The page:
Bloomberg, Others Oppose Comcast/NBCU Union As Constituted


Bloomberg, Media Access Project, Free Press, WealthTV and others say they oppose the Comcast/NBCU joint venture as currently constituted, which means the voluntary conditions offered up by the companies are not sufficient, in their view, and more needs to be required by the government.
That is according to a copy of a letter (supplied by Bloomberg) to FCC chairman Julius Genachowski and Christine Varney, who is overseeing the Justice Department's review of the deal.
The groups said that they opposed the merger as filed, which is short of officially asking the FCC to deny the deal. Instead, they asked Genachowski and Varney to "exercise their authority to protect the public using whatever means deemed appropriate."
Theoretically that could include denying the deal outright, but it could also mean putting conditions on the deal that address the groups' concerns.
Those include that it could undermine independent programmers, "drive up" costs of cable and satellite programming, reduce online access to "must-have" programming, and a number of general perceived harms about the combination of NBCU and its programming and distribution assets with the largest cable distributor, including exerting editorial control over news, increased power in labor negotiations, control of ad messages, and even "determining how the Interent evovles."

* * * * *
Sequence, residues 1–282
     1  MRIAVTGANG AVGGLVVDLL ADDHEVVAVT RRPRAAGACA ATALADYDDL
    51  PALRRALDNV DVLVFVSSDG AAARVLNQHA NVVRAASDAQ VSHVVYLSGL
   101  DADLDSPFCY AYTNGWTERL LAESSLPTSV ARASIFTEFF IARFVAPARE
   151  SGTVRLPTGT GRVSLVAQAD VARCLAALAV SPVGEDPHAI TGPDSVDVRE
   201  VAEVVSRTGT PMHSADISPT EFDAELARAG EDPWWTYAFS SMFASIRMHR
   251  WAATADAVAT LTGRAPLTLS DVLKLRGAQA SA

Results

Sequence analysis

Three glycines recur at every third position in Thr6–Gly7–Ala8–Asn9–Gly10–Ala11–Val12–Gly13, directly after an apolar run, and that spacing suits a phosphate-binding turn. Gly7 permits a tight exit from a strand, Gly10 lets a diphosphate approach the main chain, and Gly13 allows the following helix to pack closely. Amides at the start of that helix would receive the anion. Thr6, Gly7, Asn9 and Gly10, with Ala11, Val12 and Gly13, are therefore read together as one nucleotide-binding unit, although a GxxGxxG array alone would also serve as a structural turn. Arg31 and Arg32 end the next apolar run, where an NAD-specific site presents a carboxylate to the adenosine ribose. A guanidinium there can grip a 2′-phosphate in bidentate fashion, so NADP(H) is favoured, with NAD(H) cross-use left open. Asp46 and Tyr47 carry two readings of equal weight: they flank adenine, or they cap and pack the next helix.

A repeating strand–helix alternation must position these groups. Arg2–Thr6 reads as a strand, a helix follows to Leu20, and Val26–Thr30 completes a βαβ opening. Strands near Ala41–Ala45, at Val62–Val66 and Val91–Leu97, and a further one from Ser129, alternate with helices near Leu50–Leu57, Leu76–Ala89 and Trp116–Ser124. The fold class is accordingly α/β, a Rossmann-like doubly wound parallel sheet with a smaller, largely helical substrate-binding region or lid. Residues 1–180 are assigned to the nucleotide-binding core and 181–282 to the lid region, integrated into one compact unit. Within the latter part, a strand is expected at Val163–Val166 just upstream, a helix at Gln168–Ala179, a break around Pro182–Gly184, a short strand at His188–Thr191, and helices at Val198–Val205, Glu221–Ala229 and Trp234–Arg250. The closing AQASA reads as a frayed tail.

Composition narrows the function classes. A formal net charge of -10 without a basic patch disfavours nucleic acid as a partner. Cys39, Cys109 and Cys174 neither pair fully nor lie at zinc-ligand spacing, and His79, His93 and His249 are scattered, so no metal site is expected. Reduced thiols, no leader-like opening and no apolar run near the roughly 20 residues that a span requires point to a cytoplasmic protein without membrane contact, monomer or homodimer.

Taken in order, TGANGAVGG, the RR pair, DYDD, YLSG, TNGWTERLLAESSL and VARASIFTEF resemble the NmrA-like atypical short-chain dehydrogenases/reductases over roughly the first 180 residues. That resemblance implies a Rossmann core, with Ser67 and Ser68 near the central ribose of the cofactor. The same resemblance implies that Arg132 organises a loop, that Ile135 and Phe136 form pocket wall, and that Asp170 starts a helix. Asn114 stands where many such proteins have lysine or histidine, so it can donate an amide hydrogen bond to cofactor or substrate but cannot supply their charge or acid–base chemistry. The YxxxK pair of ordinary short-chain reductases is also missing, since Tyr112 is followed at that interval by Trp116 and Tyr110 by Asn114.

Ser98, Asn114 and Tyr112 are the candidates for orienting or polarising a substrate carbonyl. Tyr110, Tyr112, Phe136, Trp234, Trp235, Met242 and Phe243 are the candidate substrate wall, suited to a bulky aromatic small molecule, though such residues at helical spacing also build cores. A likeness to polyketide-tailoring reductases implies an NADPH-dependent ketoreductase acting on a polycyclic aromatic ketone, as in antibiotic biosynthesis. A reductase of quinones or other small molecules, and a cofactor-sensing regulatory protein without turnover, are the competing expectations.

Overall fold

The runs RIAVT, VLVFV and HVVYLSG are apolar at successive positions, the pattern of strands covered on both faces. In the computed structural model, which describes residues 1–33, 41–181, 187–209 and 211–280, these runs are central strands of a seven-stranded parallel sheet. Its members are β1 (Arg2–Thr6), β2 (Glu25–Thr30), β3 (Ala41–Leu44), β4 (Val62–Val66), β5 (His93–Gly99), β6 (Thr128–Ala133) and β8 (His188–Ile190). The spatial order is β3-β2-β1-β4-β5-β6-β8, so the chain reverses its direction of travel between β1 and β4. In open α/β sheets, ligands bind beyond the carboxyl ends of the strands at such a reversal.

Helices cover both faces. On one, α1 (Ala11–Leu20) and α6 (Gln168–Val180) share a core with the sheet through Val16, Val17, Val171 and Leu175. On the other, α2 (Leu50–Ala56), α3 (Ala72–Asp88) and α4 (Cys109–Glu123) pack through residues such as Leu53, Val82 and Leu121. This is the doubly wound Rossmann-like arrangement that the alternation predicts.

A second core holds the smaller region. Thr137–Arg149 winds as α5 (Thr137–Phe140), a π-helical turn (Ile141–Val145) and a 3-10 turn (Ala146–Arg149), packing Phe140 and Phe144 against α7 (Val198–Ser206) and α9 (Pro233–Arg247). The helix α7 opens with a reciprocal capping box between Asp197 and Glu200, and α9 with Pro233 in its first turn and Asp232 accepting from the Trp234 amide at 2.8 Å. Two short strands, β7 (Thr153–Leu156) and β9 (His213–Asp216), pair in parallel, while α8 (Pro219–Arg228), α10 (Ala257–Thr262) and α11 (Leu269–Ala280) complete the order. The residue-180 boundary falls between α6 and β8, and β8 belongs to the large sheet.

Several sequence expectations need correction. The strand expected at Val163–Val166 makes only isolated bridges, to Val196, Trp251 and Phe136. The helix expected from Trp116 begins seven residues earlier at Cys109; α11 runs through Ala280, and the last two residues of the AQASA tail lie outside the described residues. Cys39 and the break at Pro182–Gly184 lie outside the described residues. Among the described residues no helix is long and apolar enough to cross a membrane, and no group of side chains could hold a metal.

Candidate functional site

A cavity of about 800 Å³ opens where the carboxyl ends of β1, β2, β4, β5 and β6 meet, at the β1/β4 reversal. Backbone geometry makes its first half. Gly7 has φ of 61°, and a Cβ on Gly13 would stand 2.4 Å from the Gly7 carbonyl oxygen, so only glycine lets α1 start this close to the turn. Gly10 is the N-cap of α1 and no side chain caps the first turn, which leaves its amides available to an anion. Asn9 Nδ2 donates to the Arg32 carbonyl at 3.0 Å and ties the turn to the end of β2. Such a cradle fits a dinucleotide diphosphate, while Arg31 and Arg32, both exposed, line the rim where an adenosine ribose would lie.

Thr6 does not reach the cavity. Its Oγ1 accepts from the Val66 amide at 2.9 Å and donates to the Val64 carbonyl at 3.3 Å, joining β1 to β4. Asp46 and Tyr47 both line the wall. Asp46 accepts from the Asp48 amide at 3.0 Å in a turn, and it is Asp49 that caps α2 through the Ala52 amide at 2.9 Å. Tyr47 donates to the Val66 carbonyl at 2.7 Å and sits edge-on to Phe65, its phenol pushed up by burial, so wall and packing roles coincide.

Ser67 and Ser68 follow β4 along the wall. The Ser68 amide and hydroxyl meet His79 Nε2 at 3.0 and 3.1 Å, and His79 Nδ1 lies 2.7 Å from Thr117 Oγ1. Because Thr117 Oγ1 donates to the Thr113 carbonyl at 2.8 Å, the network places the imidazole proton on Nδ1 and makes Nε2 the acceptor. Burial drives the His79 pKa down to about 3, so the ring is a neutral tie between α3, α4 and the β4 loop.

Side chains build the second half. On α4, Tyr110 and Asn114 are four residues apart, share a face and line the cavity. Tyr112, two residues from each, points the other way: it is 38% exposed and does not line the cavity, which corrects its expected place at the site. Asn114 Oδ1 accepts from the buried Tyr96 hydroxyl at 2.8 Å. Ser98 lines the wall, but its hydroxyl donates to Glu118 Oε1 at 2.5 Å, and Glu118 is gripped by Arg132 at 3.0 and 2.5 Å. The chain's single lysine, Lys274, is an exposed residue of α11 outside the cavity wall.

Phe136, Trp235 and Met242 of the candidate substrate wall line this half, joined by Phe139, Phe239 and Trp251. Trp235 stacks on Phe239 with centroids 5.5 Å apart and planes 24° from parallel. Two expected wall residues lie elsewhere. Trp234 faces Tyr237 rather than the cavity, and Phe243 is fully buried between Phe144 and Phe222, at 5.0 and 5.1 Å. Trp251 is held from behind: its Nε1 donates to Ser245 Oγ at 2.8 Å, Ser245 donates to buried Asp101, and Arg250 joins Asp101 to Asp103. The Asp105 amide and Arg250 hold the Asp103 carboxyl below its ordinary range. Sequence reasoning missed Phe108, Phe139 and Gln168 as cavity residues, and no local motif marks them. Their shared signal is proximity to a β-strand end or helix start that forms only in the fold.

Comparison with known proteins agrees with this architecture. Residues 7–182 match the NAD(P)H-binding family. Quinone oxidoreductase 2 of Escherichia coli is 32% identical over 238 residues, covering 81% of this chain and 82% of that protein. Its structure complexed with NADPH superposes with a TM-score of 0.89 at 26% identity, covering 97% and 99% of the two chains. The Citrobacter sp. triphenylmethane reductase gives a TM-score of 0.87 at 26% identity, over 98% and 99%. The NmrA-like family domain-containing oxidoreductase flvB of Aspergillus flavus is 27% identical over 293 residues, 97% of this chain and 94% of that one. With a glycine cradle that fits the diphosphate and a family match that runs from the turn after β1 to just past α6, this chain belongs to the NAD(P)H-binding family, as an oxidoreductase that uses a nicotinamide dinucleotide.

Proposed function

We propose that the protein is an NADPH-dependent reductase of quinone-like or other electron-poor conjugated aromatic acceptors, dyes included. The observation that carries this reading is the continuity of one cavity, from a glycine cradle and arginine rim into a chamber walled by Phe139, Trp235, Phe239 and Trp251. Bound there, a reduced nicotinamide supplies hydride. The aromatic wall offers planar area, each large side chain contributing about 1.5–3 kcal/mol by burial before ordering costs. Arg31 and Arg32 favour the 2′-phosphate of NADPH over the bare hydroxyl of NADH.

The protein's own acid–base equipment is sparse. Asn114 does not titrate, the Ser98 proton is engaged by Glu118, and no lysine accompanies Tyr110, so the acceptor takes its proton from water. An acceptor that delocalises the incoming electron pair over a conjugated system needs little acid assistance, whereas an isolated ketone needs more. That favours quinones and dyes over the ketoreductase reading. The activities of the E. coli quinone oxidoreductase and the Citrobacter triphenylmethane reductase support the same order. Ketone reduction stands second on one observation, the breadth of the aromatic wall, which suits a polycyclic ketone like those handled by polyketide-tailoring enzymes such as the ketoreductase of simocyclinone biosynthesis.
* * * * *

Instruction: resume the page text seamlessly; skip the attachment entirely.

"[W]hat is completely predictable is that a company of this size will be able to exert an unhealthy degree of influence over the media landscape absent strong efforts to limit that control," they wrote.
That came as the FCC's midnight June 21 deadline for initial comments on the deal approaches.
Otheres signing on to the letter include: Common Cause, Communications Workers of America, Public Knowledge and the Writers Guild, West.
Separately, Media Access Project, Free Press, the Consumer Federation of America and likely others, will ask the FCC to deny the deal in a petition being filed later today.. "We are going to say that the [deal] needs to be dismissed," says MAP's Andrew Schwartzman. He says the number of signatories to the petition could grow by day's end: "There are still some people who are looking at it."